What inspires your art practice?
My work explores the relationship between ‘designed’ elements in the natural world and man’s adaptation of them – merging organic and constructed ideas, exposing an innate link between the two. There is a strong narrative quality to my sculpture, questioning aspects of the human condition; often employing humour or irony. The diversity and design within nature provides me with an infinite source of ideas. There are endless correlations of nature’s design principals within man made objects. These abstractions offer inspiration for new object making. Combining natural forms with man made forms offers a new way to see objects and a new way to tell a story.
What materials do you work in?
Cast Bronze, silver and wood
Briefly describe your artwork for NZ Sculpture OnShore 2018.
In Ephemeral State, a little blue penguin stands in a deconstructed state, melting into the land it stands upon. This piece explores ideas around impermanence. We live in an ever-changing world, and our present climate for change appears to be speeding up. We are looking at species on the point of, or the threat of extinction. This has drawn my attention to change in my own life and what the passing of time brings. Fugutive Landscapes is a surrealist work, looking at sustainable eco systems, evolving habitats as well as reflecting human concerns, the nature of personal realities and a sense of placement.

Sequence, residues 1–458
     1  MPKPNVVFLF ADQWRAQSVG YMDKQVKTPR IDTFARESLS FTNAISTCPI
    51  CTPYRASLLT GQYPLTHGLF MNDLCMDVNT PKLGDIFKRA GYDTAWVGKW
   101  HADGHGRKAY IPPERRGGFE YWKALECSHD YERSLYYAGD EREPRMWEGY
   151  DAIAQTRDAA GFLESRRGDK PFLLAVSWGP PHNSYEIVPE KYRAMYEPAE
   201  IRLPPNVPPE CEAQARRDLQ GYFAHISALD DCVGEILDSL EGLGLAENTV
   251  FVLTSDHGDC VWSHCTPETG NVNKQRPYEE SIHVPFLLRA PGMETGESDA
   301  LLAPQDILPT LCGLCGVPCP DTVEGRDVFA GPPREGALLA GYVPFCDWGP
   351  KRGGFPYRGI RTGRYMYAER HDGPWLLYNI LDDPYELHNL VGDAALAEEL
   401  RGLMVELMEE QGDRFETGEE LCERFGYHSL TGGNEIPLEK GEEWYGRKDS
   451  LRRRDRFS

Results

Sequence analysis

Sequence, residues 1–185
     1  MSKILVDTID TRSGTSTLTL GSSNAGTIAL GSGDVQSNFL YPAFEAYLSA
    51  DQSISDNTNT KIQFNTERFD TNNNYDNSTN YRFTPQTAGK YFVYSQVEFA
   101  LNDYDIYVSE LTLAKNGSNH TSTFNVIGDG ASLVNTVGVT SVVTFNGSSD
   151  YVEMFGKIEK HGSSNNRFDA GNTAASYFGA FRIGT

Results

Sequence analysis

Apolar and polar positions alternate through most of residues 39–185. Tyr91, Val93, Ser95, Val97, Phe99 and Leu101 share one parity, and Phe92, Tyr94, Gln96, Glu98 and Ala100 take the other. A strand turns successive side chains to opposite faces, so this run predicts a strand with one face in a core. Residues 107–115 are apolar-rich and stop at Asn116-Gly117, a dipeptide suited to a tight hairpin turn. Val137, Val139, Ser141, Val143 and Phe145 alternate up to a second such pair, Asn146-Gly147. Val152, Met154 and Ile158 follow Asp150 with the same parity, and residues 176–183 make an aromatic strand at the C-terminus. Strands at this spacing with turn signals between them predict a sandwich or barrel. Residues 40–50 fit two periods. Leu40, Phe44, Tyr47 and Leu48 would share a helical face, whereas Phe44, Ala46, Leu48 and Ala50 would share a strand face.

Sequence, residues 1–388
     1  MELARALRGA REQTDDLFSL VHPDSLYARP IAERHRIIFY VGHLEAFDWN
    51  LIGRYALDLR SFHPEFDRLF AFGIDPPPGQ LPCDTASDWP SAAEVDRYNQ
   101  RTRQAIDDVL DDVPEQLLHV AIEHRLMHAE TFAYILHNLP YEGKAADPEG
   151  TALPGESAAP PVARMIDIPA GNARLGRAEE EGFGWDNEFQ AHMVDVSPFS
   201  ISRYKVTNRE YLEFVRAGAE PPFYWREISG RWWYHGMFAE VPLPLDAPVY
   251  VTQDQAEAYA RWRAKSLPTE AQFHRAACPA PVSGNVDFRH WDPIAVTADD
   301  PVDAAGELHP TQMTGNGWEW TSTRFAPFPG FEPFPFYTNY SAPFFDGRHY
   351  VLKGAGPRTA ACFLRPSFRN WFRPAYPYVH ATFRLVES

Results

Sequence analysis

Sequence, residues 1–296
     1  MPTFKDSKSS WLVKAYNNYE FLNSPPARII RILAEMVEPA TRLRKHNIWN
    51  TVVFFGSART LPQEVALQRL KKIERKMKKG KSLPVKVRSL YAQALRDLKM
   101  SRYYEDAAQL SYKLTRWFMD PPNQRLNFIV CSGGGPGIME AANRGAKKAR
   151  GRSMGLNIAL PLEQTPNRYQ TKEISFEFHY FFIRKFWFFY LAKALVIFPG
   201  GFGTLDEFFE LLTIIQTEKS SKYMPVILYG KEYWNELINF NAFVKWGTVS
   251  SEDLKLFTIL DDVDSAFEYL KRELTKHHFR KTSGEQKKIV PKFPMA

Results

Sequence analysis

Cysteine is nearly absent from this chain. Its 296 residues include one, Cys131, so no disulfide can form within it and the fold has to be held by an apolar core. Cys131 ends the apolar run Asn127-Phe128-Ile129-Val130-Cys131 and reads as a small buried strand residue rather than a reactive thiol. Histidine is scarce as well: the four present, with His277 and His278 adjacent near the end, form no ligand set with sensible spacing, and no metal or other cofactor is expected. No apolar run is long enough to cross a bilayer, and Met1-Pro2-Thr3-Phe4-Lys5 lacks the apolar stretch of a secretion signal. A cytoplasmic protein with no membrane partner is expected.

Where are the public most likely to see your artworks outside of NZ Sculpture OnShore?
Public and corporate commissions, most notably for Auckland City Council to Guanghou, China; Auckland Botanic Gardens and Auckland University. The most recent public commission is the Little Blue Penguin Project at Campbells Bay Beach on Auckland’s North Shore. Working extensively in all scales of the bronze medium, from the monument to the miniature.
Where did you study?Auckland and Waikato University